Jeph Loeb at the Iron Fist panel at San Diego Comic-Con 2018. (Photo credit: Twitter / Charles Pulliam)
Marvel is quickly making a name for itself as the comic book company of unadulterated racial insensitivity and Orientalism.
While comic book fans from around the world gather in San Diego this weekend at the annual San Diego Comic-Con, attendees to the Marvel’s Iron Fist panel bore witness to a breath-takingly boorish stunt by Marvel Television head, Jeph Loeb. To kick off the panel, Loeb appeared to introduce the second season of the Netflix television show. In apparent reference to criticism of the show’s first season, Loeb came on stage dressed as Daniel-San from The Karate Kid — complete with karate gi and headband — and joked that he had trained with Mr. Miyagi in preparation for hostile fans at the panel. Shortly thereafter, actor Jessica Henwick (Colleen Wing) — who may or may not have been in on some sort of pre-scripted act with Loeb — demanded that Loeb remove the outfit, and Loeb obliged.
There is nothing that excuses the racial insensitivity of this pointless and ugly stunt.
Currently, Marvel X-men’s Jubilee is the unofficial face of Reappropriate. At one time, it was DC’s Cassandra Cain — a neuroatypical, mute Asian American adoptee who was the first Asian American and woman of color to take on the mantle of the Batgirl. She is also undisputedly one of the best martial artists in the DC Universe, owing to her abusive childhood when she was deprived of auditory language (or any form of social contact) and instead immersed in deadly martial arts training.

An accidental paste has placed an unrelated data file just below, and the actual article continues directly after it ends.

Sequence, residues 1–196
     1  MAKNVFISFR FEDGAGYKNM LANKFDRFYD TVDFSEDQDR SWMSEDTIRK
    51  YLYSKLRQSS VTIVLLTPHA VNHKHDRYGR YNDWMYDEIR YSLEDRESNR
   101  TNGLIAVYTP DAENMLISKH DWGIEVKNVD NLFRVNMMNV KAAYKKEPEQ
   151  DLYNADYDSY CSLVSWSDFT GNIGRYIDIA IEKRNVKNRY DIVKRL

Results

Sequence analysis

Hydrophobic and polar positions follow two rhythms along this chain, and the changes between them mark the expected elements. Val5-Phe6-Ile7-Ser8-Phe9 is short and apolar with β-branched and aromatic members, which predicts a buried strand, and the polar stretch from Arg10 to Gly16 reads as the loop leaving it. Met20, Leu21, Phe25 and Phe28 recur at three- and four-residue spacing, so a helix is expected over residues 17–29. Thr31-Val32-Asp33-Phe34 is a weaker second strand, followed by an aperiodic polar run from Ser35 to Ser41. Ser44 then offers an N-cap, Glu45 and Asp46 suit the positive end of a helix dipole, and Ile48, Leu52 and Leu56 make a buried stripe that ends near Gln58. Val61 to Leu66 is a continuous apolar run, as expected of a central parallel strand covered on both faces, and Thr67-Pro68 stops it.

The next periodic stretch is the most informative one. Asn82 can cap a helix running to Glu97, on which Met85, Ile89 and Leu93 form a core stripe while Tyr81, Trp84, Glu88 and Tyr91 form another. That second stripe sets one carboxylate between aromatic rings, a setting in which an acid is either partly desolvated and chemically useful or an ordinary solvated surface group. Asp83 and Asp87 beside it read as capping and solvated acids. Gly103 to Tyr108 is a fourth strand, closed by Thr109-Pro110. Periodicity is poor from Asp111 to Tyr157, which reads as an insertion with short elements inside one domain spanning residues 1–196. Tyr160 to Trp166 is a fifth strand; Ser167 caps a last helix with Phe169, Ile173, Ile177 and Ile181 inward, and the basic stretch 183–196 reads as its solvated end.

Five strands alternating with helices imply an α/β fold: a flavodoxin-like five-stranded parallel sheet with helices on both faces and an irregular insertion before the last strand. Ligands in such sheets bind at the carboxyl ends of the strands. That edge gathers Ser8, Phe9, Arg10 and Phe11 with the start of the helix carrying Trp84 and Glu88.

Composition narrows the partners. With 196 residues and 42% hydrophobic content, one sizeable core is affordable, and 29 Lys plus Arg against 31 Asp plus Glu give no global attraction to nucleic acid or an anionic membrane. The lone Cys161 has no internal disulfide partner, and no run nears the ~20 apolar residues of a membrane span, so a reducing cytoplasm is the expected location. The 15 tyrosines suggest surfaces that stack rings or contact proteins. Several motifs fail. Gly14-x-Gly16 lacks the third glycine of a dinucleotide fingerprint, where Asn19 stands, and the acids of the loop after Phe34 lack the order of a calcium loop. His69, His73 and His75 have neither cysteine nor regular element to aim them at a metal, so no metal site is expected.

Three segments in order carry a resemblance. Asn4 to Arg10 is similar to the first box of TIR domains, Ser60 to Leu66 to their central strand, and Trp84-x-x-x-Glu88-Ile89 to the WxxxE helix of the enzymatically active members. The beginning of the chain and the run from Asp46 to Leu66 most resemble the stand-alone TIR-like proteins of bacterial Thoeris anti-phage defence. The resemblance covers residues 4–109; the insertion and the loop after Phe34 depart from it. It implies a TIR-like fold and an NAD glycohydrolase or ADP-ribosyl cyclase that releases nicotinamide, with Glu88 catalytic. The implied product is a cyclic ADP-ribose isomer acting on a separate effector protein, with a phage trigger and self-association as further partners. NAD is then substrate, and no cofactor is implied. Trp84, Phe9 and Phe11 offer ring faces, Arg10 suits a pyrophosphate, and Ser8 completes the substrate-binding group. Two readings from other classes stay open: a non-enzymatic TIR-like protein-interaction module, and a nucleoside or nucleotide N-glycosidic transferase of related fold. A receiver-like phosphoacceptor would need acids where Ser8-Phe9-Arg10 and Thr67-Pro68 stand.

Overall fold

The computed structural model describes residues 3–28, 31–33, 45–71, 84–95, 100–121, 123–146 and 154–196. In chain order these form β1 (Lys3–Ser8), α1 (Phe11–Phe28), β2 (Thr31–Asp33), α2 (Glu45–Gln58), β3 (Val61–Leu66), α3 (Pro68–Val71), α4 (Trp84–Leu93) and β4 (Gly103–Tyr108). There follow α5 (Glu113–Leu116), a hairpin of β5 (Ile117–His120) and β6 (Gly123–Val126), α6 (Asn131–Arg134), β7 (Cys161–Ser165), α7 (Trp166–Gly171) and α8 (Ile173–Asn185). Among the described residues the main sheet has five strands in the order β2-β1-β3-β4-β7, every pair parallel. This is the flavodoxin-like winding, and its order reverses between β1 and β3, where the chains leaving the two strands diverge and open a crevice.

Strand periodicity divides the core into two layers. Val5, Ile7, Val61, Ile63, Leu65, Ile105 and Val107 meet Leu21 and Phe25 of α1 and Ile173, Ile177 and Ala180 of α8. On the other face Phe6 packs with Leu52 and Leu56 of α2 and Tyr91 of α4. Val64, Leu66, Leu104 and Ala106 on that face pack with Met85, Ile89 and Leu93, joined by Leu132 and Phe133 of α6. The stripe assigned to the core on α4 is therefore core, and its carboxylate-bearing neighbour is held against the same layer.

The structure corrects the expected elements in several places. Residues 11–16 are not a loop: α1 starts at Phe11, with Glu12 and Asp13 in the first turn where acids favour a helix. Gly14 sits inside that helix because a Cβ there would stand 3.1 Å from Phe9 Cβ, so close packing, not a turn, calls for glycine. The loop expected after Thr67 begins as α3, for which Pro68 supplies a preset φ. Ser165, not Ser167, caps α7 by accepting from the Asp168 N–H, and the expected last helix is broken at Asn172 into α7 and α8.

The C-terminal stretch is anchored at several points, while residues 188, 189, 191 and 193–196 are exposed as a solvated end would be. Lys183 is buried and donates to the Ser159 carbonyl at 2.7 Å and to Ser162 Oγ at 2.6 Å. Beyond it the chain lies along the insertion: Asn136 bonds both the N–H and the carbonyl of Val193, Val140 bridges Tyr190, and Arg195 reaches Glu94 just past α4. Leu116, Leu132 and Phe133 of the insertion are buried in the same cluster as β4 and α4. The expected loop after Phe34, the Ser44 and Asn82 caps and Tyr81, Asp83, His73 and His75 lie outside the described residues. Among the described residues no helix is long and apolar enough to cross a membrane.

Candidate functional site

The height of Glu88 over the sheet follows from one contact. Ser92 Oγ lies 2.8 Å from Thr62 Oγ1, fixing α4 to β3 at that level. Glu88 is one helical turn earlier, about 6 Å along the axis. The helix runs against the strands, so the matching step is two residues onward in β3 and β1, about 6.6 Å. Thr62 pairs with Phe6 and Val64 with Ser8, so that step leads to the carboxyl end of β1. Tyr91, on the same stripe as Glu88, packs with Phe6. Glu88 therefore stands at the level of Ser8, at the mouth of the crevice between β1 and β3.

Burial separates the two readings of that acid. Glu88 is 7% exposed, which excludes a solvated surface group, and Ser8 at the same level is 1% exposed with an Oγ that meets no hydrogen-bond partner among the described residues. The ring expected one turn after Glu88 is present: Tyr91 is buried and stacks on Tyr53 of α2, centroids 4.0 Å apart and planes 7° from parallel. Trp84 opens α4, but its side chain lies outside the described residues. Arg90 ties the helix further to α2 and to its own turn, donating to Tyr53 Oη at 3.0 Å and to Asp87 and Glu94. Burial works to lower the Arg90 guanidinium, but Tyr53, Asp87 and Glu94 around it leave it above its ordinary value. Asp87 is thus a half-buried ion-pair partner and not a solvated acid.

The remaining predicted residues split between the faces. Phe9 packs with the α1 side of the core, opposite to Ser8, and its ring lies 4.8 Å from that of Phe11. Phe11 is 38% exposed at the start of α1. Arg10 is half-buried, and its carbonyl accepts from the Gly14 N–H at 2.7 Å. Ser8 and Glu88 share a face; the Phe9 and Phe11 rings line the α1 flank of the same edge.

I grew up on Jubilee through her appearance in the 1990’s X-Men cartoon series. Cassandra Cain’s Batgirl occupies a different space in my fandom: her journey of self-exploration and self-agency as the newest Batgirl entered my life when I was just setting out to discover my own budding political activism. Cassandra’s efforts to reconcile her troubled past with her new life as part of the Bat-family resonated with my own exploration of political and personal identity. I love Jubilee; but, in many ways, I identify with Cassandra Cain.
"Reconciliasian" by Joshua Luna. (Photo Credit: Joshua Luna)
By Guest Contributor: Heath Wong
Editor’s Note: Earlier this month, artist Joshua Luna published a web comic titled “Reconciliasian” addressing gender relations in the Asian American community. This post is a response to that comic.
I deeply respect Joshua Luna as an artist and as an activist. But, I find the framing of his latest comic – Reconciliasian – problematic. The comic juxtaposes two panels: one depicting an Asian man and the other depicting an Asian woman. Next to each character, Luna lists the way each has “been hurt” (for Asian men, systemic emasculation and desexualization; for Asian women, systemic fetishization and hypersexualization), and how they’ve “hurt” the other. Luna laments how Asian men display “complicity and/or participation in patriarchal misogyny against Asian women under the guise of racial justice”; Asian women, says Luna, are guilty of “complicity and/or participation in white supremacy against Asian men under the guise of racial preference.” Luna concludes that both Asian men and Asian American women should “choose reconciliation over retribution.”